Seniors' advocate Joan Reichardt spoke to the rally on Monday protesting the ending of door to door mail delivery.

Seniors' advocate Joan Reichardt spoke to the rally on Monday protesting the ending of door to door mail delivery.

Nelson citizens rally against ending door-to-door mail (with video)

NDP candidate Wayne Stetski, MP peter Julian, and Nelson mayor Deb Kozak were among the rally's speakers.

Nelson seniors’ advocate Joan Reichardt on the ending of door-to-door mail delivery from Bill Metcalfe on Vimeo.

About 80 people gathered in front of city hall on Monday for a rally against Canada Post’s phasing out of door to door mail delivery.

Speakers included NDP candidate Wayne Stetski and NDP MP Peter Julian, who both spoke very briefly and left the spotlight to local speakers including long-time seniors’ advocate Joan Reichardt.

“We already know that one of the biggest challenges seniors face when living on their own is taking the garbage out,” Reichardt told the crowd. “And you don’t have to take the garbage out every day. [Switching to community mailboxes] is another encroachment on the ability of seniors to remain independent. They have that knowledge that the mail is going to come, there will be something in there, maybe there will be a letter from one of my grandkids. Maybe there will be a cheque, who knows?

Joan Reichardt (Peter Schramm photo)

“What people don’t seem to understand is there is only one way to avoid becoming a senior, one way to avoid getting old, and that is to die young,” she continued.

Reichardt said door-to-door mail service is a basic support for seniors and to take it away is “callous and heartless.”

“For seniors who have some mobility challenges, and in Nelson in the winter that is most of us, getting to one of these fancy mailboxes will be a challenge,” she told the rally.

“And on the other side of that coin it is the letter carrier who is often the first one to realize that someone is in distress because they see those newspapers and letters and realize the person inside that dwelling is in difficulty. That is an irreplaceable service Canada Post is providing and it doesn’t cost anything. It is a bonus.”

Mayor Deb Kozak. (Bill Metcalfe photo)

Nelson mayor Deb Kozak spoke, reiterating many of Reichardt’s points, and referred to the mayor of Montreal’s response to a community mailbox.

“I was reading the paper today and was glad we had not had a cement pad poured yet,” she said, “because I did not have any work boots on today. The mayor of Montreal took a jackhammer to one of the cement pads, and that made a strong statement.”

Kozak talked about the questionnaire Nelson households received recently from Canada Post, asking about preferred locations for the mailboxes.

“I have spoken to a couple of people who said the survey made them angry,” Kozak said, “because it did not give any space for comment. It was multiple choice and it only asked where you would want the mailbox placed. I would encourage you to take it out of the garbage, out of the recycling, and fill it out, and include your comments with it in a separate letter with it.”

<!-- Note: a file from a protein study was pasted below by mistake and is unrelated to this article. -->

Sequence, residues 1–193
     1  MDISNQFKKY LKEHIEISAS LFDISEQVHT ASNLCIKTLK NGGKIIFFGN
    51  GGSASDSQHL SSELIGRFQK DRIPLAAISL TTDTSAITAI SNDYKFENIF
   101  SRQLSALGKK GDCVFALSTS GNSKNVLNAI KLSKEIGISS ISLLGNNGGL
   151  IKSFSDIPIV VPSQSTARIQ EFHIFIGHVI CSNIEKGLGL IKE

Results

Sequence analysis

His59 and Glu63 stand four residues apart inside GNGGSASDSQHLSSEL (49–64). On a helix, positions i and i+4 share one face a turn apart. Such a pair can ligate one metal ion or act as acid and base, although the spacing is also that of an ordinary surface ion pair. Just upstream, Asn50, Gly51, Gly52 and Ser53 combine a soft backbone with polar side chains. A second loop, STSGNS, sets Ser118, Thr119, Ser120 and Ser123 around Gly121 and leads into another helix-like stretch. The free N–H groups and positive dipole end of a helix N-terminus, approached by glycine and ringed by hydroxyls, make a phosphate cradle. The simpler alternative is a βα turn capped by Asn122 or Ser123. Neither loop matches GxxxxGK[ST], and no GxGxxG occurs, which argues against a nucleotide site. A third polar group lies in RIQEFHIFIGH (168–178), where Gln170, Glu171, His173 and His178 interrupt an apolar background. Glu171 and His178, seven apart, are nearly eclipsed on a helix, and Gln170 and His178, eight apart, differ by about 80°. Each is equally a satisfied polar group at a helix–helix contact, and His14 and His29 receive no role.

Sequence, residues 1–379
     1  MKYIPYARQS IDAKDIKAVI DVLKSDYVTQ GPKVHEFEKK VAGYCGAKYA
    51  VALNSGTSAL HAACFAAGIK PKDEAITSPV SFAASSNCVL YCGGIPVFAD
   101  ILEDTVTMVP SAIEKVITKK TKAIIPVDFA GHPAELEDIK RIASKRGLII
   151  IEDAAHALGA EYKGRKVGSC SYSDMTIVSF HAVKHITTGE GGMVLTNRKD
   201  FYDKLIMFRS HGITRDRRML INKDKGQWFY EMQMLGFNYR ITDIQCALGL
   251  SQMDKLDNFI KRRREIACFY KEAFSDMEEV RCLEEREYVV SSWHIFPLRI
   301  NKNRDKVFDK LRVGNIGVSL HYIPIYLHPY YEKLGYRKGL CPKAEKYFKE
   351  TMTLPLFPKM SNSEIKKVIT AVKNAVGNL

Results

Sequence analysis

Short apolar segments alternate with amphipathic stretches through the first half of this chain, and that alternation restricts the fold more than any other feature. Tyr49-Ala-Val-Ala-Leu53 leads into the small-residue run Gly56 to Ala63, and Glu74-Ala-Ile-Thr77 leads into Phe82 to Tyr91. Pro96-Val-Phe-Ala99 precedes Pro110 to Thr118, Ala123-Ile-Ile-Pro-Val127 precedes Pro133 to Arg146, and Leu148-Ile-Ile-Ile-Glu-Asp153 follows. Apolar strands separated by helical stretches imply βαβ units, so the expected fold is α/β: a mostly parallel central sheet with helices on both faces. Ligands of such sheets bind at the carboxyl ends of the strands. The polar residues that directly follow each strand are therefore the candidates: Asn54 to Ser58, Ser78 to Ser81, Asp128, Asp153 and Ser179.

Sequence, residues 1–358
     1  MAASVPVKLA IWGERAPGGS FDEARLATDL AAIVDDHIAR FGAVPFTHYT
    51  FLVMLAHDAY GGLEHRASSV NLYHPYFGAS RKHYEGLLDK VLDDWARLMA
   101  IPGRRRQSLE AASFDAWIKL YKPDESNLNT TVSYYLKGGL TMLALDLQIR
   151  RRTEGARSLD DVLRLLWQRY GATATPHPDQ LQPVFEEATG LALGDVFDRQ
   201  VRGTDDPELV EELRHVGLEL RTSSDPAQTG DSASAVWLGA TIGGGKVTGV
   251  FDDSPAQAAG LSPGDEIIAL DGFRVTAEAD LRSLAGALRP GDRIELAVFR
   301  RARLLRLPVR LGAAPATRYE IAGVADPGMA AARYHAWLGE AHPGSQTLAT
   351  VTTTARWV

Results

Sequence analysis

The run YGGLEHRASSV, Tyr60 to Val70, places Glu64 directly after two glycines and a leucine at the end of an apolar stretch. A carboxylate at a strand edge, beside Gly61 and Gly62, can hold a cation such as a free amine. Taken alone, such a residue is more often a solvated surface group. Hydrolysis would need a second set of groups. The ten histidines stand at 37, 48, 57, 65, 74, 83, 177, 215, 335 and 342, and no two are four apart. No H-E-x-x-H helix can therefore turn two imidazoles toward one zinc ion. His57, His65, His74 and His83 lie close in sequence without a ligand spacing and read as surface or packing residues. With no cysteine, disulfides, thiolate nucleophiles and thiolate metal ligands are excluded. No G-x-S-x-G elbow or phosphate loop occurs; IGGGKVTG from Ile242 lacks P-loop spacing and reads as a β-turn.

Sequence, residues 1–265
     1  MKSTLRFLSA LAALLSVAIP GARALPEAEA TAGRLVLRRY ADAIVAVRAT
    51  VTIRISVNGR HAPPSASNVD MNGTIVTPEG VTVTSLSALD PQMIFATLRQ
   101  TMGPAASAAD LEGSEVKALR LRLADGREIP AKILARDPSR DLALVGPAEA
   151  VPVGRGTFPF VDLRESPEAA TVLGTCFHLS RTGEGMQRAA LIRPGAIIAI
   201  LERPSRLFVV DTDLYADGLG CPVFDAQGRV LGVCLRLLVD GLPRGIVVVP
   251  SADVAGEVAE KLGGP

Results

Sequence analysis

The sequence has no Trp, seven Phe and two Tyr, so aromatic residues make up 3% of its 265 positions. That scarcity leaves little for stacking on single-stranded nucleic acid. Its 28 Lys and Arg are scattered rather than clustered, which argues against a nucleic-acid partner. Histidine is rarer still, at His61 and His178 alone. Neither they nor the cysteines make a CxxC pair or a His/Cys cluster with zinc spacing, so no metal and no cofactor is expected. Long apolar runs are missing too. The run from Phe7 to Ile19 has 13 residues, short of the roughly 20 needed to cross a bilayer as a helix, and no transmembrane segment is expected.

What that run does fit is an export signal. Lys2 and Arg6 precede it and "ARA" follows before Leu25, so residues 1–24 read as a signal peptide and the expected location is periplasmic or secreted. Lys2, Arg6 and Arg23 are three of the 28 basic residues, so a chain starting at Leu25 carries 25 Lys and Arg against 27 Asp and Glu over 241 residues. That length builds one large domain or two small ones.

She told the crowd Canada Post has promised extensive consultation with city planning departments, “but what I am hearing from other mayors in bigger cities is that that consultation did not seem to happen there and it concerns me greatly.

“So we are working with city staff on a couple of bylaws even though we know local government is lowest on the totem pole, but we will ensure city council is on top of things and keeps you informed.”

Asked later by the Star to elaborate, Kozak said the bylaws would specify that Canada Post is responsible for maintenance, snow clearing, and garbage clean-up.

Although Canada Post has already stated it is responsible for these things, Kozak says the city wants to make sure those jobs don’t get downloaded to the city over time.

She also said a bylaw would state that Canada Post would consult in detail with the city about the location of boxes, which the company has already agreed to do, but this would be added insurance, Kozak said.

City councillor Janice Morrison, who also spoke, said that as vice-president of the Health Sciences Association of BC (the union that represents various health care workers) she stands in solidarity with the postal workers’ union.

About Canada Post’s survey form, Morrison said: “Do not throw it out, fill it out. We sent a letter from our house with some adjustments on that form. When they ask, ‘Do you want a big box or a little box,’ we added, ‘I want my box.’”

Wayne Stetski and Peter Julian (Peter Schramm photo)

Kootenay Columbia NDP candidate Wayne Stetski  accused Prime Minister Stephen Harper of “attacking fundamental Canadian values like a healthy environment, peacekeeping, universal healthcare, the CBC, and Canada Post.

“Anything that has ‘Canada’ in its title, Harper doesn’t like. I just don’t understand that,” Stetski said.

NDP MP Peter Julian told the crowd community mailboxes are “like candy stores for thieves. Over the course of a year the estimates range up to 50,000 break-ins. That is valuable personal info that is being exposed to thieves and robbers.”

Brenda Muscoby-Yanke of the local postal workers’ union and Cindy McCallum Miller of the West Kootenay Labour Council also spoke at the rally.

Brenda Muscoby-Yanke addresses the crowd (Bill Metcalfe photo)